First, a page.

Taking aim at one of her party’s most influential members, Rep. Alexandria Ocasio-Cortez on Tuesday endorsed embattled progressive upstart Alex Morse in his Massachusetts congressional race against Rep. Richard E. Neal (D-Mass.), the powerful chairman of the House Ways and Means Committee.
Ocasio-Cortez, often known by her initials AOC, made her endorsement via her political action committee, Courage to Change, the New York Times reports. Morse, the 31-year-old mayor of Holyoke, Massachusetts, faces an uphill battle in his bid to unseat a long-serving incumbent, just as Ocasio-Cortez did in her successful 2018 primary challenge against Rep. Joseph Crowley (D-N.Y.).
Morse tweeted that he was “so proud” to gain the endorsement.
“When Alexandria Ocasio-Cortez took on her own entrenched incumbent in 2018, she changed public service for the better, further inspiring me and so many others to fight for our districts and empower those who have long been forgotten,” Morse wrote in a statement, referring to the former bartender and organizer’s historic upset of Crowley, who represented New York’s 14th Congressional District for 20 years.
“I am honored to have the congresswoman’s Courage to Change in our corner, and it will be the honor of my life to bring the people alongside me to Washington.”
When AOC took on an entrenched incumbent, she changed the Democratic Party for the better. It would be an honor to serve alongside her in Congress to fight for progressive change that benefits working families. pic.twitter.com/jgvBSwOO7r
— Alex Morse (@AlexBMorse) August 25, 2020
Although only a first-term congresswoman, Ocasio-Cortez, a democratic socialist former surrogate for Sen. Bernie Sanders (I-Vt.) in the 2020 Democratic presidential primary, has become an influential leader of the progressive left. Along with other members of “The Squad”—Reps. Ilhan Omar (D-Minn.), Ayanna Pressley (D-Mass.), and Rashida Tlaib (D-Mich.)—she is widely reviled by supporters of President Donald Trump, and disdained by backers of more moderate Democrats.
Ocasio-Cortez’s endorsement comes in the wake of a tumultuous test for Morse, who has weathered accusations of sexual impropriety leveled by two campus chapters of the College Democrats of Massachusetts. Leading members of the groups claimed Morse abused his position as a part-time lecturer at the University of Massachusetts at Amherst in order to pursue consensual sexual relationships with students.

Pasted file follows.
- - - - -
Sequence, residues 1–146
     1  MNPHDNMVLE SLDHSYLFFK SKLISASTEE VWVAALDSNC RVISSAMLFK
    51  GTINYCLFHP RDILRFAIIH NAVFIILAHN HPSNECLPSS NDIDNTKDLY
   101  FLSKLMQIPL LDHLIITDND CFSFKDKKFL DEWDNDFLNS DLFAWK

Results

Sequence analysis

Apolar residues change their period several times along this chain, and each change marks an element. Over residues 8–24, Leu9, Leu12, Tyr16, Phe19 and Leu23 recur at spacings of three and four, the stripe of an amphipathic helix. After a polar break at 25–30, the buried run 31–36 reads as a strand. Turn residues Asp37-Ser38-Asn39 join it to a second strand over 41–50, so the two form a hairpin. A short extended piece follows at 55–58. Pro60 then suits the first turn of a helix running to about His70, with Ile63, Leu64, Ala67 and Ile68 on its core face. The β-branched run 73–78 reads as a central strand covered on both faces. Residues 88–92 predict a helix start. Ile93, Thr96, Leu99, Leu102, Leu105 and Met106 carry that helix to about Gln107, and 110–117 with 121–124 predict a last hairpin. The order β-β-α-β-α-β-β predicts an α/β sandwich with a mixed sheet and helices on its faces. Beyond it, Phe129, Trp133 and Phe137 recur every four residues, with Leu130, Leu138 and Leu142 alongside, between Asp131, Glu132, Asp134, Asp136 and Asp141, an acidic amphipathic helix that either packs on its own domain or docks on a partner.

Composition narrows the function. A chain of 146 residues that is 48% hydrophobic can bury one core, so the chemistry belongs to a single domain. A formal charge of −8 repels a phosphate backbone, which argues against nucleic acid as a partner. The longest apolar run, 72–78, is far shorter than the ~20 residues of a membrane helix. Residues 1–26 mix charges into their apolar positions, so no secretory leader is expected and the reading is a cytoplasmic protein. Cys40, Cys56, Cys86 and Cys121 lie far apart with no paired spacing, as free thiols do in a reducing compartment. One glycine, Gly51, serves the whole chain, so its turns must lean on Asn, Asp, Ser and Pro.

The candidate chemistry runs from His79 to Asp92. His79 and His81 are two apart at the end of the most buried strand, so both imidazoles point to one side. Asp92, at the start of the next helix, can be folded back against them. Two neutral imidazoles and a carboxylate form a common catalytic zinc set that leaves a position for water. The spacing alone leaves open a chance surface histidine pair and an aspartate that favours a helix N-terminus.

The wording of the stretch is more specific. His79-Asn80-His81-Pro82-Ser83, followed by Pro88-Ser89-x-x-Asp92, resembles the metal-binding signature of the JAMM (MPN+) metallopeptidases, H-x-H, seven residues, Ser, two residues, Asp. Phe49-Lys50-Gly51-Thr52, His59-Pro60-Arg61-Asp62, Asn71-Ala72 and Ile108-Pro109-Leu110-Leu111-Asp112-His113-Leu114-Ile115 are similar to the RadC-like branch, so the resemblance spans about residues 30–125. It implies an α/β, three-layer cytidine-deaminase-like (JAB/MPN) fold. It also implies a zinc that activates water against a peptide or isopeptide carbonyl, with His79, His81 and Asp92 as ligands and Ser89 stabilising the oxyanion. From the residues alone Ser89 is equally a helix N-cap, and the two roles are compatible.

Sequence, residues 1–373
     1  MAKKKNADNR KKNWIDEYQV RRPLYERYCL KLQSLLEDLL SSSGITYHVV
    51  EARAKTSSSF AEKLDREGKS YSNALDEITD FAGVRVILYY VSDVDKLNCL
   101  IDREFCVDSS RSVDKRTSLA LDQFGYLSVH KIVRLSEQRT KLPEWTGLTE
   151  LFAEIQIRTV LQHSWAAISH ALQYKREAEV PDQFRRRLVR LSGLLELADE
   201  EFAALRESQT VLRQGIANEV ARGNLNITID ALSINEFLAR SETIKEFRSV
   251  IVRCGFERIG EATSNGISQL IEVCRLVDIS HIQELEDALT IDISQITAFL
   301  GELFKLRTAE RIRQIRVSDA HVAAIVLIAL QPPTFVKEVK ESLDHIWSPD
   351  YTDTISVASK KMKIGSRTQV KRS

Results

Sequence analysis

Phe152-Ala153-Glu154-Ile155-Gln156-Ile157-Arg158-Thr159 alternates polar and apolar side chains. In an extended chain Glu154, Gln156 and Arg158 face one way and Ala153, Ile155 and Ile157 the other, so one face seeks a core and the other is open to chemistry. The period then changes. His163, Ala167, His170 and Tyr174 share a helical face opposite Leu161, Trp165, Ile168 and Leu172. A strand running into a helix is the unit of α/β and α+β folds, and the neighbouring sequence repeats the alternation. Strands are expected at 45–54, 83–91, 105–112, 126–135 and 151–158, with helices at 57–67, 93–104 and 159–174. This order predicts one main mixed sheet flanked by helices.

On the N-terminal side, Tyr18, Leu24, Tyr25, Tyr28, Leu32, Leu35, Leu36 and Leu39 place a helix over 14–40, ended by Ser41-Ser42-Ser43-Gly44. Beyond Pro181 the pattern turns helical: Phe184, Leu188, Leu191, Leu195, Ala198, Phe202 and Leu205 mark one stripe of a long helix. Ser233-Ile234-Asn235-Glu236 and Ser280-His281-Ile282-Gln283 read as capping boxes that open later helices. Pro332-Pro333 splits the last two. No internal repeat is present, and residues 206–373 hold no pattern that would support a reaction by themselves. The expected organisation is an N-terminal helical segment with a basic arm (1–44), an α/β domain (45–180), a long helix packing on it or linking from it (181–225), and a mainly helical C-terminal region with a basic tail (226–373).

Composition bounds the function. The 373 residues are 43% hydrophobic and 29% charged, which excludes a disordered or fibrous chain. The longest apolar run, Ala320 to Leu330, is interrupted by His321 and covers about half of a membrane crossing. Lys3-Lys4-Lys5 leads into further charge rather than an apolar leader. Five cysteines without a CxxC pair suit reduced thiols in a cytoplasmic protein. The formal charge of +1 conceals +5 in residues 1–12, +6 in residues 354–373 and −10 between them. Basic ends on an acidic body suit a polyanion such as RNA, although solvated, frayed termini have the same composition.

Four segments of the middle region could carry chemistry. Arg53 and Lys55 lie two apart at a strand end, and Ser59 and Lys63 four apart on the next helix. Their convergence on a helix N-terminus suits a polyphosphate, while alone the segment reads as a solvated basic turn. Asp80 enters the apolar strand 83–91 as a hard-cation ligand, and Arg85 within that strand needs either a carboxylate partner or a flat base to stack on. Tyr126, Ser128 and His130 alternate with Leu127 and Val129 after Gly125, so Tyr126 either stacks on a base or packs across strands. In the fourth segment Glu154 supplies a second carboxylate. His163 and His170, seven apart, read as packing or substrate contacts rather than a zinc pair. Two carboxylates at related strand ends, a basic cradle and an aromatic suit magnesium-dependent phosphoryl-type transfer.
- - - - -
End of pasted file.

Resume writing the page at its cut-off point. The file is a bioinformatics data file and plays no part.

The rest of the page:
As the scandal broke earlier this month, Morse considered dropping out of the race. However, it was later revealed that some of Morse’s accusers had plotted to destroy his candidacy as far back as last October, and that Timothy Ennis, the chief strategist for the UMass Amherst College Democrats at the center of the allegations against Morse, aspired to work for Neal. The Massachusetts Democratic Party announced in mid-August that it would investigate the matter following the September 1 state primary election.
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Neal, who is serving his 16th term in the House, is the most prominent incumbent targeted by Ocasio-Cortez, who since taking office has been cautious about offering her endorsements to candidates. Courage to Change has endorsed fewer than a dozen candidates, including Jamaal Bowman, who defeated Rep. Eliot Engel (D-N.Y.)—a 30-year incumbent backed by House Speaker Nancy Pelosi (D-Calif.), Senate Minority Leader Chuck Schumer (D-N.Y.), and other power Democrats—in last month’s Democratic congressional primary.
According to FiveThirtyEight, Ocasio-Cortez has personally endorsed just three progressive challengers during the 2020 primaries, while Courage to Change has now endorsed eight progressive candidates. In comparison, Sanders has endorsed five candidates, as have the activist groups Justice Democrats and Indivisible, while the pro-Sanders group Our Revolution has endorsed 15. Two of the three candidates personally endorsed by Ocasio-Cortez—Bowman and Marie Newman, who unseated anti-choice conservative Democrat Dan Lipinksi in Illinois—won their primaries.
Massachusetts voters are faced with a stark choice between Morse, who supports Medicare for All and a Green New Deal and who is not accepting corporate PAC campaign contributions, and Neal, one of the top recipients of corporate money in Congress. The latter counts insurance and pharmaceutical companies among his biggest contributors, and has taken over twice as much money from Big Pharma as the number two House recipient, Rep. Joe Kennedy III (D-Mass.).
With our victory, we will be gaining power because I’m taking you to Washington with me. We’re going to Congress together and we’re going to use our power to fight for Medicare for All and a Green New Deal. #MorseDebate
— Alex Morse (@AlexBMorse) August 17, 2020
Ocasio-Cortez’s endorsement comes less than a week after Pelosi endorsed Kennedy over Sen. Ed Markey (D-Mass.) in that state’s Senate primary.
“No one gets to complain about primary challenges again,” Ocasio-Cortez, who co-authored a Green New Deal climate resolution with Markey, tweeted on August 20 in response to the move by Pelosi, who like other Democrats has criticized members of her party for taking on incumbents.
No one gets to complain about primary challenges again.
So @dccc, when can we expect you to reverse your blacklist policy against primary orgs?
— Alexandria Ocasio-Cortez (@AOC) August 20, 2020
Pelosi’s endorsement of Kennedy gave the impression that the Democratic Congressional Campaign Committee’s shunning of primary challengers “seems like less a policy and more a cherry-picking activity,'” Ocasio-Cortez wrote.